Published at Tuesday, 28 August 2018. Ottoman Chair. By Inez Sheppard.
In that slot. I realize I should have used the speed square for this, but the torpedo level ended up working. Just fine to use the level for this, you need to make sure your project is sitting squarely upon a level surface. The seat will be made of half-inch plywood, with cutouts for the backrest it'll, be supported by the front legs and by 1 by 2. First strips I recess the strips half an inch from the edge to account for the seat and tacked them in with the brad nailed to verify their mounting location when everything checks out, they can be fastened with screws.
The off cuts were getting trapped between the blade and the fence, so I removed the fence and glued a stopper on the end of my miter fence to get a consistent cut with a shop made tapering jig, I cut a 13 degree angle from the center of The rear leg to the end of the board to ankle the backrest. This same angle is cut on the front legs to add a little style and consistency of form. I started the assembly by taking three long slats and two legs. I used a few quarter inch spacers between the slats to create a consistent, spacing the front and rear legs should be perpendicular to the slats, with their edges. Flush with the miter on the slats.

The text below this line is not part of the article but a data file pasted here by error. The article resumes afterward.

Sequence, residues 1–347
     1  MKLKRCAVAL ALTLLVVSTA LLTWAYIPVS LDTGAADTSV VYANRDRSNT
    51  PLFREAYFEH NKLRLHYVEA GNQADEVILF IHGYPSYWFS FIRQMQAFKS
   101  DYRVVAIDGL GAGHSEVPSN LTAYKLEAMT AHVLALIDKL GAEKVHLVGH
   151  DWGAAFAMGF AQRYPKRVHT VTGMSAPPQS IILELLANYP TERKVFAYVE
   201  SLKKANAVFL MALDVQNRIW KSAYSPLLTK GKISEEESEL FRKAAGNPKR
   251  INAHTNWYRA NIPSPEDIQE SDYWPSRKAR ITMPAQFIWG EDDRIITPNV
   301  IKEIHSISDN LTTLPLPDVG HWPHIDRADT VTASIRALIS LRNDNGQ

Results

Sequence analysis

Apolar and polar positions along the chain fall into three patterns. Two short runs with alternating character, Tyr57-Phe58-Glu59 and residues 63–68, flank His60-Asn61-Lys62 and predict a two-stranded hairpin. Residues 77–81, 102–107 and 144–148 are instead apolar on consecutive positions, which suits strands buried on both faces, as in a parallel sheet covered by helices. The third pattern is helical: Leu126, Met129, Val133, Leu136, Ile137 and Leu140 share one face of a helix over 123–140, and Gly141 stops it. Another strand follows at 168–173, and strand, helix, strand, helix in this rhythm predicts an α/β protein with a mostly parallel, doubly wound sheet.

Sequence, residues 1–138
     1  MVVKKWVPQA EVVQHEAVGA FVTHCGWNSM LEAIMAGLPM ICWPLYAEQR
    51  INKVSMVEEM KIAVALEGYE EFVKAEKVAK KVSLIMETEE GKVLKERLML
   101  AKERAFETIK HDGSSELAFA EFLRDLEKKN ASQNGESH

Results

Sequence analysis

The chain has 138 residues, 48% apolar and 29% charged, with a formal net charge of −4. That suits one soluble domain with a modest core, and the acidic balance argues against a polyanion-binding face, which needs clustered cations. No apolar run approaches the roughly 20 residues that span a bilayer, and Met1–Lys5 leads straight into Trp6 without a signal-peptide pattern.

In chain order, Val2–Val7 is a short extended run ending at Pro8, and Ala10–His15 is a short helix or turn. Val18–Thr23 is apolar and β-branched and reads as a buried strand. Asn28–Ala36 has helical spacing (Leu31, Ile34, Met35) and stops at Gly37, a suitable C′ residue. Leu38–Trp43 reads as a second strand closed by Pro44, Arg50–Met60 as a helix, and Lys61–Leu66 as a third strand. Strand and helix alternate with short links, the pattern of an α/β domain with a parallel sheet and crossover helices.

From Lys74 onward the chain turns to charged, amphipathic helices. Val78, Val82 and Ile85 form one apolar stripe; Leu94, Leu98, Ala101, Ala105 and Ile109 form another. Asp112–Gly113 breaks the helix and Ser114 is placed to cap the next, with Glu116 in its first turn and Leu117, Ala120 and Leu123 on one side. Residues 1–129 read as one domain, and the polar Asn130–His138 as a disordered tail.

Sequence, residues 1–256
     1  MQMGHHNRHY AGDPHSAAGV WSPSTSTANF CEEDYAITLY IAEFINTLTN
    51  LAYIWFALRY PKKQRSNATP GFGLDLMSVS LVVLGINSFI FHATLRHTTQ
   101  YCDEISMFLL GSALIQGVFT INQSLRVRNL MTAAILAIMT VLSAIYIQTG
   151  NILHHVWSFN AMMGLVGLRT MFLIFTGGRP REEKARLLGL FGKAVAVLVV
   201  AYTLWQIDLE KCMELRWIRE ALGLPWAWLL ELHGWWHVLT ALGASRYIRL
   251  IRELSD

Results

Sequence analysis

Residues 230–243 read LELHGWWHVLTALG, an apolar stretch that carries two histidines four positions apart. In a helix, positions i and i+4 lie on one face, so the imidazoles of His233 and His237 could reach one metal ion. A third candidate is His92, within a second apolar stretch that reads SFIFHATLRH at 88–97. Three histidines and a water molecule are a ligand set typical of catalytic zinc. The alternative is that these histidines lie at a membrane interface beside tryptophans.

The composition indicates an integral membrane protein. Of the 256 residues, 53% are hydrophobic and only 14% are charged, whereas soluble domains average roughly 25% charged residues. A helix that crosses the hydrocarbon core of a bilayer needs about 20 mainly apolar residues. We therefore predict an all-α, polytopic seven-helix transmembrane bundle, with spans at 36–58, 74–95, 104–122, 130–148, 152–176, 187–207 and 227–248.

They can be covered up easily with quarter inch plywood or the off cuts from ripping earlier. After cutting my off cuts to size, I secured them with brad nails. The last step before finishing is to plug the screws. I do this quickly with glue and a dowel.
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